Analytical Essay The Trouble With Wilderness
For Didion, a notebook was a place to remember how it felt to be her. Our notebooks are the building block of our writerly lives, and I encourage students to use their notebooks beyond our classroom walls.Much has already been written about the limitations of the 5-paragraph essay form.In particular, I’d suggest looking up what college educators Paul Thomas and John Warner have written on the topic. First, I explain, we’ll be keeping our own notebooks throughout the year. “I like to start the year with ‘On Keeping a Notebook’ for a few different reasons,” I tell students.how the thesis statement always goes at the end of the introduction, how thesis statements need three reasons, how first person isn’t allowed in formal essays, how paragraphs are 6-8 sentences long, and on and on. It’s about getting closer—through repeated observation, approximation, and experimentation—to a deeper understanding of the world around us.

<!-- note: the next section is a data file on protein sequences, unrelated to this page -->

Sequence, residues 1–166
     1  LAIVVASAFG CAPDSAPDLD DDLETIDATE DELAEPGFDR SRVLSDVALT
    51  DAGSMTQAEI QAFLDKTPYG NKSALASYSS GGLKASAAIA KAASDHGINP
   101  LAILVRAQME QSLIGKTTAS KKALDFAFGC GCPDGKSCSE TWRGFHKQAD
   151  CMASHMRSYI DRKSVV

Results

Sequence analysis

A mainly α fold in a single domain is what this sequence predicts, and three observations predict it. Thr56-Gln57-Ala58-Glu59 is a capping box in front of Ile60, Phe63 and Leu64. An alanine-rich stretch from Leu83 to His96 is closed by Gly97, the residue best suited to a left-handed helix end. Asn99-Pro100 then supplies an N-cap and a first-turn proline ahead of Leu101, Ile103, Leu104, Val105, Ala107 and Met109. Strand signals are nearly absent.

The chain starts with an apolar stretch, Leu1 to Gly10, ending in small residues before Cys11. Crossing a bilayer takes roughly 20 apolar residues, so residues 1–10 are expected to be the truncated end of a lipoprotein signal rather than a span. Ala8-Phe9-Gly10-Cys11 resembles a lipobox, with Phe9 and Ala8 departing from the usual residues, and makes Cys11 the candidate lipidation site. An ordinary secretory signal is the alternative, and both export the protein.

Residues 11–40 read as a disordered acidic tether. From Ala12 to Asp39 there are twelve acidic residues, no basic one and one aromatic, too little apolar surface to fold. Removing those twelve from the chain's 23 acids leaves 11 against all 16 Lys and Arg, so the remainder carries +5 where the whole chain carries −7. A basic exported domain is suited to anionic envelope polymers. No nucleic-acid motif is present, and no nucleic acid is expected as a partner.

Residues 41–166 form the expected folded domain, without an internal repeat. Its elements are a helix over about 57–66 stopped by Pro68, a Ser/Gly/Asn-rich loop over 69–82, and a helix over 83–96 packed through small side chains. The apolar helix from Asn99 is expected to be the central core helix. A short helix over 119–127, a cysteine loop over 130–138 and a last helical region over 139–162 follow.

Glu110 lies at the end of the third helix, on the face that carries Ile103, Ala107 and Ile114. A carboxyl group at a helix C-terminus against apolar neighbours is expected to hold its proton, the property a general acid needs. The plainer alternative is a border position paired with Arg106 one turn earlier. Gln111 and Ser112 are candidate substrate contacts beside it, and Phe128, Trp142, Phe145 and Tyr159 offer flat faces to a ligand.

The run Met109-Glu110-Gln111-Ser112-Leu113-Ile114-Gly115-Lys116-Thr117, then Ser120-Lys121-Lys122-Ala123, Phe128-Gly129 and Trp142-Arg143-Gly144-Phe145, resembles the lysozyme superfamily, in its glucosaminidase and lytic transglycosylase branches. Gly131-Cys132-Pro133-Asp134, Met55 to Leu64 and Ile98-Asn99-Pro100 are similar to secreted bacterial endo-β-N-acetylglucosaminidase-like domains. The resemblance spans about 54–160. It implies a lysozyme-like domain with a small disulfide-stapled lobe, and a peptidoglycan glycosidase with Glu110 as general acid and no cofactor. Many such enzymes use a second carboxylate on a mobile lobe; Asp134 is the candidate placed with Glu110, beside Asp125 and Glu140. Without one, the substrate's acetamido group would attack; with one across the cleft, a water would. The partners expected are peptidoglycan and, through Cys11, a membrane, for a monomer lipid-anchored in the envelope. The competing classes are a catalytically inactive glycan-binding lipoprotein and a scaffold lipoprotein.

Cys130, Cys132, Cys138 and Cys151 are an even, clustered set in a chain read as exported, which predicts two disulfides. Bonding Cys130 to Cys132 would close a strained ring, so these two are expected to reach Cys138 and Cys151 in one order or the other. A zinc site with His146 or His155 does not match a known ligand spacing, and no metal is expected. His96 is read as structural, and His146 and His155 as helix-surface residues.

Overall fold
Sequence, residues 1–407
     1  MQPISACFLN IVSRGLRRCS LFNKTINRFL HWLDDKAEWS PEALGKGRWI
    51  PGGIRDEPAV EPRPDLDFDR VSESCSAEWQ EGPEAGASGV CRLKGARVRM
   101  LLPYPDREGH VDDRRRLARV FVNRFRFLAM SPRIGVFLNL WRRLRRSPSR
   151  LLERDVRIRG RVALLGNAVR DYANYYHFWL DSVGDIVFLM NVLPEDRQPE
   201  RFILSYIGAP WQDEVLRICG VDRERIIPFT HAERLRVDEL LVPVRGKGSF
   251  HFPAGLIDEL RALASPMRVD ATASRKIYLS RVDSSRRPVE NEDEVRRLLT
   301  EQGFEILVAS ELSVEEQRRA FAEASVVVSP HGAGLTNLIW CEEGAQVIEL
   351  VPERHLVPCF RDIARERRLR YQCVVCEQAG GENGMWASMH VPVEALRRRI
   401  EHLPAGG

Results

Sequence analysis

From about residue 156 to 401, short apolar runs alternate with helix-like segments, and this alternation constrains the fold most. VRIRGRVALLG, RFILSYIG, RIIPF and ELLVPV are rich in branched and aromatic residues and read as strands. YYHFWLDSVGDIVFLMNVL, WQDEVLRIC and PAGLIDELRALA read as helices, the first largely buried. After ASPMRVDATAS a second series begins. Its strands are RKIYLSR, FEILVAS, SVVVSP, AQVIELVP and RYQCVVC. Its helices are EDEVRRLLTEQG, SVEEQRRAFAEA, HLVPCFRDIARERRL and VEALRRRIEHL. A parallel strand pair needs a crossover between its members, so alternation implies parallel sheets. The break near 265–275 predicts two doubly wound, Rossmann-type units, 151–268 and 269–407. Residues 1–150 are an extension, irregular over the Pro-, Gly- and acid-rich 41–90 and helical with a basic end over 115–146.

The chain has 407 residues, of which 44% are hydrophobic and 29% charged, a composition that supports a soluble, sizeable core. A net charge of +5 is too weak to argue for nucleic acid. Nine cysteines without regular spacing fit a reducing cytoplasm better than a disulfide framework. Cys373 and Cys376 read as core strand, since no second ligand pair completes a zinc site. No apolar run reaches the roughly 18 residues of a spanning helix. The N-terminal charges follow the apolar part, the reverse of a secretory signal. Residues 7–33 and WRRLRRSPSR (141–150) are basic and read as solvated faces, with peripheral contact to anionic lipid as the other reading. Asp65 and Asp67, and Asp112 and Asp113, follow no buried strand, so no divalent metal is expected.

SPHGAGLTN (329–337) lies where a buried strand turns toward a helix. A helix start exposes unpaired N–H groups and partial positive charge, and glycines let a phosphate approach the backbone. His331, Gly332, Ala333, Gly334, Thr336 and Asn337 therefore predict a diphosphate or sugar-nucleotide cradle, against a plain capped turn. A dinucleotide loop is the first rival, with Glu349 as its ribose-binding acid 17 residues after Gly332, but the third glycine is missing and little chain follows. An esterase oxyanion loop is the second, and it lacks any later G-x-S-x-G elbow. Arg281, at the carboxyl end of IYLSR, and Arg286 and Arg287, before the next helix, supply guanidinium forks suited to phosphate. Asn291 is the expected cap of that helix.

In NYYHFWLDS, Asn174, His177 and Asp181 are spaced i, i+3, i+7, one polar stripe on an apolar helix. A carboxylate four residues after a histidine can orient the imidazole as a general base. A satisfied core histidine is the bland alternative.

It seems like a good compromise: we’ll keep the 5-paragraph essay and just add other types of writing.Shouldn’t that be how we approach writing, how we frame essays?As a way of getting to because of three very specific reasons outlined in a thesis statement found at the end of an introduction.When I ask a follow-up, “What’s the difference between Didion’s essay and the ones you just described? During our discussion, I admit to students that I’ve been guilty of (over)teaching the 5-paragraph essay.” a student says, not-so-quietly, “It’s well-written.” His classmates laugh. I also tell them, however, that the longer I teach, the more I realize that some of my former teaching practices weren’t always best practices, though I didn’t realize it at the time (former students: my apologies). Some students seem surprised to hear a teacher admit such a thing, but it’s all about having growth mindset, right?Ebarvia.” (Side note: Talking about myself—or my teacher-self—in the third person is becoming habit, I fear. We also read Didion’s essay because it’s simply a beautiful piece of writing. And yes, her essay has an intro, body, and conclusion.I find that many high school students often need to be reminded that English is a language , the first hand goes up. Encouraged, more students offer responses: “Structured.” “Rigid.” “Intro, body, and conclusion.” “Thesis statement.” “Argumentative.” “Research.” “Formal.” “School assignment.” I then ask, “How much of what you just said describes Didion’s essay? But Didion’s essay is neitherfive paragraphs, nor is it rigid. It uses a first-person point-of-view, it shifts and moves, wonders and supposes.My own inexperience in teaching students to write sans formula was reflected in the writing they produced. A band-aid may be an easier short-term solution, but it often only covers up the real problem.In the United States, we’ve done a good job at doing the wrong things better, Richardson pointed out. It’s one of those classes that—less than a month into the school year—has already started to feel like a writing community. My AP Lang class and I are in the midst of finishing up our discussion of Joan Didion’s wonderful essay, “On Keeping a Notebook.” It’s a relatively small class: twenty-one mostly juniors who come together at the end of each day to read, write, talk, laugh, and yes, learn.